by its very nature has already affected several generations of young
people.

“I was really excited by it”, O’Donoghue recalls, already in the thick
of preparations for Class Act 21. A lot of education and outreach
programmes are brilliant, but the difference here is that we treat the
writers exactly the same as we would a professional writer, developing
drafts over a long ;period of time rather than just a couple of days.
Whenever you speak to anyone involved in Scottish theatre, everybody
knows about it, because everybody’s worked on it. Kevin McKidd did it
when he was starting out, so it’s as much about actors and directors
gaining experience as it is for the young writers.”

Professional writers on board this year include Blackwatch writer
Gregory Burke, author of Carthage Must Be Destroyed Alan Wilkins and
writer of Lifeboat, Nicola McCartney. With some twenty-four actors on
board, directors for the gala will include Traverse alumni including
former artistic director Philip Howard and ex associate director Lorne
Campbell.

Such a retrospective will give those in attendance to see the changing
mores of young people. Thematically, while the 1990s brought about a
slew of post-Trainspotting in-yer-face style miniatures, more recent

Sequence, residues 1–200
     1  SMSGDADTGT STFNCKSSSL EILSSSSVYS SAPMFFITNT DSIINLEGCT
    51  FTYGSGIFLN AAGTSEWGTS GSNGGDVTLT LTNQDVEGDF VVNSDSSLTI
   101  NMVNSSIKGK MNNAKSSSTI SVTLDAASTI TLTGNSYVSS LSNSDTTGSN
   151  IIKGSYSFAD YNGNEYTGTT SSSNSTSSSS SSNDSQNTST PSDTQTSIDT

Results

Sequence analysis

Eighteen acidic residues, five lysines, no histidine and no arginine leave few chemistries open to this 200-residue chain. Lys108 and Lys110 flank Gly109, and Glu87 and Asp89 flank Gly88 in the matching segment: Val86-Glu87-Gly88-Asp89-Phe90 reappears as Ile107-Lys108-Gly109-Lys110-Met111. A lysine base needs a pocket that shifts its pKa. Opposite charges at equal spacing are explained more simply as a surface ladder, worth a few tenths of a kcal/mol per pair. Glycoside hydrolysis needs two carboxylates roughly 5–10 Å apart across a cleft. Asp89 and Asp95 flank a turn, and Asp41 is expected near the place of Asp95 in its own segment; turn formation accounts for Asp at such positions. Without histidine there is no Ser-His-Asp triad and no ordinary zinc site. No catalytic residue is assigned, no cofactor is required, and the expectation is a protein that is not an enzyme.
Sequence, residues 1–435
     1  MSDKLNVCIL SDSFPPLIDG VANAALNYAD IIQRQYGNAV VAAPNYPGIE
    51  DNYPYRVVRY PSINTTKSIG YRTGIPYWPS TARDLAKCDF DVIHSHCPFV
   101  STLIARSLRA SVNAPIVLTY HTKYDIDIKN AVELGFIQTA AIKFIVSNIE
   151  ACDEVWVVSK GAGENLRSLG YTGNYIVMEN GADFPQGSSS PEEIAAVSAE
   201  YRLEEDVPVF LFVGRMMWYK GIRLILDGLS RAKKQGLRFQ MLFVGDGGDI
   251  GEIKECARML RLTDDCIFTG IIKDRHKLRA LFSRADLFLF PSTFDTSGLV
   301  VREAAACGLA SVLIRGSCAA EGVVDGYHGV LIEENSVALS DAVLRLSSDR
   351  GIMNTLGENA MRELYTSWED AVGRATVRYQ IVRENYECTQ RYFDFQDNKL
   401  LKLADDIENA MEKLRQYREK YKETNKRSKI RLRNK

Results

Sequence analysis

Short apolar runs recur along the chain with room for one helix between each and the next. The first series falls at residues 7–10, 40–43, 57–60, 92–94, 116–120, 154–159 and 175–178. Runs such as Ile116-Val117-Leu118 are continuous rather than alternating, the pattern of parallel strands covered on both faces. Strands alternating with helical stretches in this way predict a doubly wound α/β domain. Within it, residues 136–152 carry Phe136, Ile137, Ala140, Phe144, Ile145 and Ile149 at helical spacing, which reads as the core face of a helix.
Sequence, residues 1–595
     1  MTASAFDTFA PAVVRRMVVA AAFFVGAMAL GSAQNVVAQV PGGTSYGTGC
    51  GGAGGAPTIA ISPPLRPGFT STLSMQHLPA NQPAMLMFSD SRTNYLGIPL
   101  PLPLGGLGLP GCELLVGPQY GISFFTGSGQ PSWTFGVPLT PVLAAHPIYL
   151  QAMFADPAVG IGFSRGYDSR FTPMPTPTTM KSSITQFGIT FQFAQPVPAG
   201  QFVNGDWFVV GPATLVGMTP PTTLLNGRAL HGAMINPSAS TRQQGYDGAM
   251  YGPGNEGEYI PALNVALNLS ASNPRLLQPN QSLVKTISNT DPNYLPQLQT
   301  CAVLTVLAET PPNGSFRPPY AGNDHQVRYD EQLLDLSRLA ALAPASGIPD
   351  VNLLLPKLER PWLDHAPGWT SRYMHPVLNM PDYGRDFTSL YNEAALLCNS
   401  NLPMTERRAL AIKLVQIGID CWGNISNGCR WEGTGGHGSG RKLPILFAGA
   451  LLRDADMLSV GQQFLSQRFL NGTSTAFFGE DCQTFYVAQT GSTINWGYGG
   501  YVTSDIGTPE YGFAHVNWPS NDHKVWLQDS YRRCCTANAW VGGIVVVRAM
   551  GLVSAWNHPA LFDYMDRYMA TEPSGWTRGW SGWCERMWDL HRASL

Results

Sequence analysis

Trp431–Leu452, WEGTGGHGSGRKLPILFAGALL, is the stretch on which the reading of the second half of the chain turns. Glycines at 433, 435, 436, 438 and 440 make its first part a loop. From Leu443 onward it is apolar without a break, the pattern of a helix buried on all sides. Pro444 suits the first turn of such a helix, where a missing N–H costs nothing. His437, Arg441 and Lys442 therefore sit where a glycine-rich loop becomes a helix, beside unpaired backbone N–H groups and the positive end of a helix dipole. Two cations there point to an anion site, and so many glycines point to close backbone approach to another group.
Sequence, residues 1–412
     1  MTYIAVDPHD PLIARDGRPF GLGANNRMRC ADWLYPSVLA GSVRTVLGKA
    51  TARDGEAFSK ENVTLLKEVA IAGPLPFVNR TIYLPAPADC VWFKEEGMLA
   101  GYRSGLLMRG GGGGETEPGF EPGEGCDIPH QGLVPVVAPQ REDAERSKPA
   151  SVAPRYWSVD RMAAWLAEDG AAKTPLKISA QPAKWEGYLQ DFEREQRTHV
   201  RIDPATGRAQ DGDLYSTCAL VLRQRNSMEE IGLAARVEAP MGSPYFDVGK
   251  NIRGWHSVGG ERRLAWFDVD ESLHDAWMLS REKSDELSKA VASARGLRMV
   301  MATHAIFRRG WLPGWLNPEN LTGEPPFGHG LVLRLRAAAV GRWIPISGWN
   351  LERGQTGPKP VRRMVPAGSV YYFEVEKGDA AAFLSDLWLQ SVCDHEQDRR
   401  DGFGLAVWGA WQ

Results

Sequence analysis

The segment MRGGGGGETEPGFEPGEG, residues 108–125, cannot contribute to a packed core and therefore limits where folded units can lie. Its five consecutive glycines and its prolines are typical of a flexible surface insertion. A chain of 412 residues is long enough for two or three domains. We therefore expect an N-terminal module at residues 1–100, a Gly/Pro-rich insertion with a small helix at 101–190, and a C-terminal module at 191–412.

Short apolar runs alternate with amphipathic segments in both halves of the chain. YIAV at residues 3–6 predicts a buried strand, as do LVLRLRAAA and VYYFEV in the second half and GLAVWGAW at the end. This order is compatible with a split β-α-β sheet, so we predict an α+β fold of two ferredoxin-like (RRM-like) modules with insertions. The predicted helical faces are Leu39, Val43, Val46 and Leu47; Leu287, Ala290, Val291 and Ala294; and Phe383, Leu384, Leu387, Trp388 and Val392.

preoccupations are with technology. This year even finds one piece set
in a smoking room. Stylistically too, there are differences between age
groups.

“We often find with the fourth years they’re quite fearless”,
O’Donoghue explains, “so they’re the ones writing about aliens or
talking animals or inanimate objects that come to life. The sixth years
can be a bit more angsty, and tend to write more about teenage
pregnancy, abuse or much bigger issues. But then, they’ve reached an
age where they know what they think about the world and they want to
tell everyone what they think, so that’s okay.

“It’s interesting as well talking to the young people involved, because
we’re working with both English and Drama classes, and what you find is
that not everyone wants to get up and act, but are much more interested
with what goes on behind the scenes than they are in getting up in
front of everyone.”

Jane Ellis was the Traverse’s Education Officer in 1990 when she and